Ryan Ashley is like a long cold drink on a hot summer day. Cool, confident and extraordinarily talented, she made history as the first woman to win Ink Master after eight seasons of the tattooing reality tv show competition. That led to her participation in the spin-off show Ink Master: Angels – and despite her prominence in a male-dominated industry and approximately a million social media fans, she seems to have no arrogance in her.
Ryan is not the kind of woman you would expect to find in Israel. Her visit becomes even more extraordinary when you know its purpose – to use her art to help IDF wounded warriors heal.
I am very glad I had the opportunity to watch Ryan at work. A natural born artist, she began her career as a fashion designer and when she fell in love with tattooing, flesh became her canvas.
I, who am incapable of drawing a straight line with a ruler, was flabbergasted when she showed me the tattoos on her leg and said nonchalantly: “The cat I did myself, upside-down.”
Many of her tattoos are drawings she just felt like doing. As others might doodle on paper in their free time, Ryan creates permanent art for herself and others.
Israel is becoming more open to tattooing although once it was an absolute taboo. Tattooing is explicitly forbidden in the Torah (Leviticus 19:28): “do not tattoo yourself”. The verse comes in a section of laws that explain how Jews are supposed to live. This verse refers to two practices common to other nations of the time that are both forbidden to Jews as pagan customs are not to be emulated. Modern day Jewish aversion to tattoos was strengthened by Nazis forcibly tattooing Jews with numbers during the Holocaust.
Today it is becoming more and more socially acceptable to get a tattoo. Sometimes parents and their teenage/twentysomething children get tattoos together. Sometimes grandparents get tattoos of the names of their grandchildren.
Healing Ink brings tattoo artists of an international caliber to Israel, to give tattoos to selected survivors of terrorism and war. The session that took place in Haifa’s Museum of Modern Art was dedicated to IDF wounded warriors. At first tattooing and healing might seem like a strange combination but when it’s understood that extreme trauma changes the body and the mind, it makes sense to take back a feeling of control by choosing to tattoo yourself with an empowering symbol or image.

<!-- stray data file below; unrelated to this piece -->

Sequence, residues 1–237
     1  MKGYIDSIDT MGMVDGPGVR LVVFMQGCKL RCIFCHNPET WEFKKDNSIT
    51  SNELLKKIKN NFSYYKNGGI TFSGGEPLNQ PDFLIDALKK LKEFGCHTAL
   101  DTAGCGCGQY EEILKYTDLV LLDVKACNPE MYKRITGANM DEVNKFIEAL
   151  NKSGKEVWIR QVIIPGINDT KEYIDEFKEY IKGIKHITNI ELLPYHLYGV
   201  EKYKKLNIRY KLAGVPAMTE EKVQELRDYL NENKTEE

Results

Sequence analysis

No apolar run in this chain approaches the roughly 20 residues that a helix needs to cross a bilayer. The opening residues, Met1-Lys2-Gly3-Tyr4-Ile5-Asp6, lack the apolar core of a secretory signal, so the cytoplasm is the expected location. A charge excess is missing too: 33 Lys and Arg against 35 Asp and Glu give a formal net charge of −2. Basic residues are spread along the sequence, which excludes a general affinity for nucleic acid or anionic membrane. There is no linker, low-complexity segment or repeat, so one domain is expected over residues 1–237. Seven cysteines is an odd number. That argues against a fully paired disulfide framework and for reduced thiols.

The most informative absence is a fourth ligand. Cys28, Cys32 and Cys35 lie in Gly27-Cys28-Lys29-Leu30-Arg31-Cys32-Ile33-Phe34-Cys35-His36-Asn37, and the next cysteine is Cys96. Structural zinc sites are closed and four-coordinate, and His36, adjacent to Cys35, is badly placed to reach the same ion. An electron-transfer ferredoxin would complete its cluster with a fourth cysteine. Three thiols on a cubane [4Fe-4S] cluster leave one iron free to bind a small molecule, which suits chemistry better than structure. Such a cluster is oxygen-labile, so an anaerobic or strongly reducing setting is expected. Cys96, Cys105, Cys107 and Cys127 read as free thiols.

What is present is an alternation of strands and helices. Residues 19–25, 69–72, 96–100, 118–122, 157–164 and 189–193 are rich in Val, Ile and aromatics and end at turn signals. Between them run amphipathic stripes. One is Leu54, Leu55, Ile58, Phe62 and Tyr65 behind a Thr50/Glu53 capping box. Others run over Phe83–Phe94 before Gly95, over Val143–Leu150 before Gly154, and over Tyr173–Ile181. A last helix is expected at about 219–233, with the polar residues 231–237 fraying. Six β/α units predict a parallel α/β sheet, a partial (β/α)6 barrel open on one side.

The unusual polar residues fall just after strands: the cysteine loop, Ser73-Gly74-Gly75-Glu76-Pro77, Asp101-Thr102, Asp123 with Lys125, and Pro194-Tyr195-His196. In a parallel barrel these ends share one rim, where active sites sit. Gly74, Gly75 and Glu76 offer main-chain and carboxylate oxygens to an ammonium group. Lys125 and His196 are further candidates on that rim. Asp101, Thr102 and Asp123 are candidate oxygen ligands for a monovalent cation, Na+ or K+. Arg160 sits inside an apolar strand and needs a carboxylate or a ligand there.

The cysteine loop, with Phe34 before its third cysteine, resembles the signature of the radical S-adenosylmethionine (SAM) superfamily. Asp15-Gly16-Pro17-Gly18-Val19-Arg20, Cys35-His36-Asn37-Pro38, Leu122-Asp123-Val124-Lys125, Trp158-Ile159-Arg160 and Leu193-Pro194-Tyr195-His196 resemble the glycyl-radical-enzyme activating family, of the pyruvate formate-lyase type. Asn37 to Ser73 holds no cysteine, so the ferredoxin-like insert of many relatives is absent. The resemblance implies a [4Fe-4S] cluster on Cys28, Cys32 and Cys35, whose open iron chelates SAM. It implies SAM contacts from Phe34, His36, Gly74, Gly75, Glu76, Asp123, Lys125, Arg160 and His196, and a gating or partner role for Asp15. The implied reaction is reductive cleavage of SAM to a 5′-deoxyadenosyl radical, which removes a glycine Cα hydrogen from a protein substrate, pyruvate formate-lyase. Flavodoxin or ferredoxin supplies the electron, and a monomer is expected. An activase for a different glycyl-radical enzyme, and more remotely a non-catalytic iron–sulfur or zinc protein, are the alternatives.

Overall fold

Some of the tattoo recipients choose to cover physical scars with beautiful imagery, turning the ugliness inflicted on them into something they can love. Others choose symbols of strength, freedom and being able to leave the past behind. It is about choice and control over what happens to your own body.
Ryan, like the other tattoo artists in the group, came to Israel to use art to heal, to lessen trauma with kindness. There was no political agenda involved. Most of the artists who came were not Jewish and had no knowledge of Israel. Their interest was not in politics or an agenda but simply in humanity.
We Israelis are rarely given this kind of human consideration.
Haifa’s Museum of Modern Art had arranged a day for this special tattoo event. The artists, recipients and museum visitors became living art. Tomer, the man Ryan tattooed was not talkative. He obviously felt a little uncomfortable at being an “exhibit” but Ryan’s calm confidence created a peaceful bubble in which he too could relax.
Unlike some of the other recipients, he was reluctant to speak of the trauma he experienced. He was willing to say that it was in Operation Cast Lead (Gaza Dec 2008) and that he hoped the dream catcher Ryan was creating would help. Looking at him no physical injury was visible. Possibly all that is left is trauma to the soul.
It is not often that one can feel the caliber of a person just by being in their presence but, despite his few words, Tomer’s quality of character was obvious. When the event was over, I asked him how it felt to have such a special woman come across the ocean, just for him. His eyes sparkled and a huge smile lit up his face. In a typical Israeli understatement, it was his expression that gave meaning to the words: “It’s something! Really something!”
As a people, we more often than not, feel very alone in the world. For those carrying the weight of trauma, this feeling is even more extreme. Now, every time Tomer looks at his leg he will see Ryan’s art and know that someone cared about him enough to fly halfway across the world, to give him a piece of herself, just to make him feel better.
That is very powerful.
Hate is very strong. It steals our lives, ruins families, breaks bodies and bends the psyche, damaging the soul but sometimes, art can overcome.